Preparation of liver homogenates, determination of the protein concentration in the homogenates, protein separation by 12.5% SDS-PAGE, and transfer to a nitrocellulose membrane were carried out as recently described [37]. Nuclear extracts were prepared using a Nuclear Extract Kit (Active Motif, Rixensart, Belgium) according to the manufacturer’s protocol. Protein concentrations were determined by the bicinchoninic acid protein assay kit (Interchim, Montluçon, France) with BSA as standard. 15 μg protein were separated by 10% SDS-PAGE and electro-transferred to nitrocellulose membrane (Pall Corporation, Pensacola, FL, USA). Reversible Ponceau S (Carl Roth, Karlsruhe, Germany) staining was performed to check equal protein transfer to the membranes. After that, the membranes were washed and blocked for 1 h at room temperature with 5% nonfat dry milk in TBS-T (w/v) following incubations with primary antibodies against BIP (rabbit polyclonal anti-GRP78 antibody, Thermo Fisher Scientific Cat# PA5–29705, RRID:AB_2547179, Schwerte, Germany), p-eIF2α (rabbit polyclonal anti-pSer51 antibody, Cell Signaling Technology Cat# 9721, RRID:AB_330951, Frankfurt/Main, Germany), eIF2α (rabbit polyclonal anti-eIF2α antibody, Cell Signaling Technology Cat# 9722, RRID:AB_2230924), GPX (rabbit polyclonal anti-GPX antibody, Abcam Cat# ab22604, RRID:AB_2112120, Cambridge, UK), HO1 (rabbit polyclonal anti-HO1; Abcam Cat# ab68477, RRID:AB_11156457), Abcam), NQO1 (goat polyclonal, Santa Cruz Biotechnology Cat# sc-16,464, RRID:AB_2154339, Heidelberg, Germany) and β-actin (mouse monoclonal anti-β-actin, Abcam Cat# ab6276, RRID:AB_2223210, Abcam) or α-tubulin (rabbit monoclonal anti-α-tubulin, Cell Signaling Technology Cat# 2125, RRID:AB_2619646) as a reference protein for adequate normalization. Subsequently, the membranes were washed and incubated at room temperature with a horseradish peroxidase-conjugated secondary polyclonal anti-rabbit-IgG antibody (Sigma-Aldrich Cat# A0545, RRID:AB_257896), anti-mouse-IgG antibody (Abcam Cat# ab6728, RRID:AB_955440) or anti-goat-IgG antibody (Santa Cruz Biotechnology Cat# sc-2020, RRID:AB_631728), respectively, for 1.5 h. The membranes used for detection of p-eIF2α were stripped for 30 min with mild stripping buffer following washing and incubation with anti-eIF2α antibody to detect total eIF2α protein expression on the same membranes. The HRP activity was detected using chemiluminescent reagents (Amersham ECL Select Western Blotting Detection Reagent, GE healthcare, Freiburg, Germany). The signal intensities of specific bands were detected with a Bio-Imaging system (Syngene, Cambridge, UK) and quantified using Syngene GeneTools software. A protein ladder (PageRuler™ Prestained Protein Ladder, Thermo Fisher Scientific) served as a molecular-weight size marker on every membrane.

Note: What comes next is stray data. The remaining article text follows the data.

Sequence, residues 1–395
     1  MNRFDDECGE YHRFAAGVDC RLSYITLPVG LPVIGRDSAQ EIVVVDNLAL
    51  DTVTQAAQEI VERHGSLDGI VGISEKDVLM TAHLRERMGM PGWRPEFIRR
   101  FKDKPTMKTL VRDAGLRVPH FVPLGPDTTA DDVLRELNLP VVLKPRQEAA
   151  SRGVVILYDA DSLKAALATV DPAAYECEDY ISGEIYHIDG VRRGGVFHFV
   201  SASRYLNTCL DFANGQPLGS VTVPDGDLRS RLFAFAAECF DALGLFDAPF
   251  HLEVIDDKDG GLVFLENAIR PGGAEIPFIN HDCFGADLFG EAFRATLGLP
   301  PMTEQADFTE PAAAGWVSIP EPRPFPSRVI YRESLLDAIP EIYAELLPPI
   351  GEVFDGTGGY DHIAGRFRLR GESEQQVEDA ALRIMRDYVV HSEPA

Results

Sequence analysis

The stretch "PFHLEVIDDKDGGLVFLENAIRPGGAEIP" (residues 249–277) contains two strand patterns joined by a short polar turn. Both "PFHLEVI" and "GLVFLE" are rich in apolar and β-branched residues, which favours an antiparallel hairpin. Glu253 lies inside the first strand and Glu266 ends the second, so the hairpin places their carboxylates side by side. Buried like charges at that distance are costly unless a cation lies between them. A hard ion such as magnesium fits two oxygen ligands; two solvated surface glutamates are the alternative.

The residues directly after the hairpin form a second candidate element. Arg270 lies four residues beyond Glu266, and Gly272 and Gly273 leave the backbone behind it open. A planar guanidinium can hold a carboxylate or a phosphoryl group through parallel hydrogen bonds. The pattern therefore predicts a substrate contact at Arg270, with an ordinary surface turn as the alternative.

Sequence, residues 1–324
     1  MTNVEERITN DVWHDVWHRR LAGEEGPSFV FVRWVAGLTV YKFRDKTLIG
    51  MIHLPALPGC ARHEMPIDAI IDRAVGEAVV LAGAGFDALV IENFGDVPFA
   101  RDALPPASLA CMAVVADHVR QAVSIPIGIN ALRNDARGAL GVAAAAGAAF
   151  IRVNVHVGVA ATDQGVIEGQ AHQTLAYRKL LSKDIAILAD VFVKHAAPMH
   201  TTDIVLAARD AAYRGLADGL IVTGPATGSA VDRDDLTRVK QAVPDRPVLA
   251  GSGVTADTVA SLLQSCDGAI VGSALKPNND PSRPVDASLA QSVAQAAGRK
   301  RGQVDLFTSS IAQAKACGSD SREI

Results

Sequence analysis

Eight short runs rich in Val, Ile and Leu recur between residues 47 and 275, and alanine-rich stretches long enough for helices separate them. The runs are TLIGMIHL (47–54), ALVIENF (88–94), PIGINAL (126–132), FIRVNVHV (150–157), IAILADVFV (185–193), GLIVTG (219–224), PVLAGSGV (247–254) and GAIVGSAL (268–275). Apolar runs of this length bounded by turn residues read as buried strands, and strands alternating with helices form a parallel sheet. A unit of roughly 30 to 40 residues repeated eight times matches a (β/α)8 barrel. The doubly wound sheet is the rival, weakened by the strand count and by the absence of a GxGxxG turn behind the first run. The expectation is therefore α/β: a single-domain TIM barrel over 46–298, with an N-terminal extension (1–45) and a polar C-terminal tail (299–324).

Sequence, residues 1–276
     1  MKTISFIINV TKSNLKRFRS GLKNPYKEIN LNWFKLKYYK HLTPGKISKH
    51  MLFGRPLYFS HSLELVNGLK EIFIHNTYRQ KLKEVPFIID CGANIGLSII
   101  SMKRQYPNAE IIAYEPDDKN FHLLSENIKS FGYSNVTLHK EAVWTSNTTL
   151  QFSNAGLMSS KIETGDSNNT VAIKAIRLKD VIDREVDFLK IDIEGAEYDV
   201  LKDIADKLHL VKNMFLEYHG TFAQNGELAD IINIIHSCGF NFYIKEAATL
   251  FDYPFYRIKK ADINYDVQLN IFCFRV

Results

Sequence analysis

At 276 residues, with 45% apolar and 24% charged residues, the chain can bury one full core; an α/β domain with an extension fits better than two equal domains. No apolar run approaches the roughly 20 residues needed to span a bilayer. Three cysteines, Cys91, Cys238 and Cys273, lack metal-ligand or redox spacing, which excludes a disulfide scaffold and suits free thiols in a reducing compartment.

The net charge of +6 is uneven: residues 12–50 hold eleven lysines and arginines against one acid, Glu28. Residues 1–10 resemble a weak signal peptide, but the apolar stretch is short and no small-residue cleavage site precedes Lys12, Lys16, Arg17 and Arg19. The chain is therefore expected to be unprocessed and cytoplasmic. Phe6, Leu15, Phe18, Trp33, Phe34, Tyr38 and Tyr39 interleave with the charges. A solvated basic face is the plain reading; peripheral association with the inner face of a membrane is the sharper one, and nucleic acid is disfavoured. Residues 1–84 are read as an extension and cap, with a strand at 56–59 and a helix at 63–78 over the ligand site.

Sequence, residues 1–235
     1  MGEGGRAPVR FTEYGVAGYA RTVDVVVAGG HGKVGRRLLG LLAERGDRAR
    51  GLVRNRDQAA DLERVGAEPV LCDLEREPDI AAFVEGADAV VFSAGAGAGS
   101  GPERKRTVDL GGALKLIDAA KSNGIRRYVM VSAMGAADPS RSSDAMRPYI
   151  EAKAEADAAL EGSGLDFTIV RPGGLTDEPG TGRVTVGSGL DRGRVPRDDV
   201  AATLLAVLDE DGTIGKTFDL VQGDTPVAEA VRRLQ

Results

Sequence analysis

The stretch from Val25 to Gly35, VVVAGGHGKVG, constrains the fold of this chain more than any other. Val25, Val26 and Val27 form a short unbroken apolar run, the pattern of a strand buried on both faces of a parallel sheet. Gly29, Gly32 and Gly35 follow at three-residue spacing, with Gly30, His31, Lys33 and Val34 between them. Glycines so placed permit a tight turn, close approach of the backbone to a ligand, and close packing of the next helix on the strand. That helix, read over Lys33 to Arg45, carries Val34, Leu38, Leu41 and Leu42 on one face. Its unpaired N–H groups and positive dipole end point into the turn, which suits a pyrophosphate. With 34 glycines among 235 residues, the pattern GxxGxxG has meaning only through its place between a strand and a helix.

Electron spin resonance spectroscopy (ESR)

For the measurement of ROS release, liver tissue samples of 20 mg were homogenized using at 6800 g for 30 s (Precellys 24 homogenisator, Peqlab, Erlangen, Germany). The samples were incubated for 30 min under normal atmospheric conditions with the spin CMH (Noxygen, Elzach, Germany) at a final concentration of 0.5 mM at 37 ° C in Krebs-Henseleit Buffer adjusted to pH 7.4. All samples were immediately frozen in liquid nitrogen and later determined using a X-band (9.65 GHz) ESR device (EMXmicro, Bruker GmbH, Rheinstetten, Germany) in frozen state, using the following parameters: G-factor 2.0063, center field ~3355 G, microwave power of 2.000 mW, receiver gain 50 dB, modulation amplitude 2.999 G.

Statistics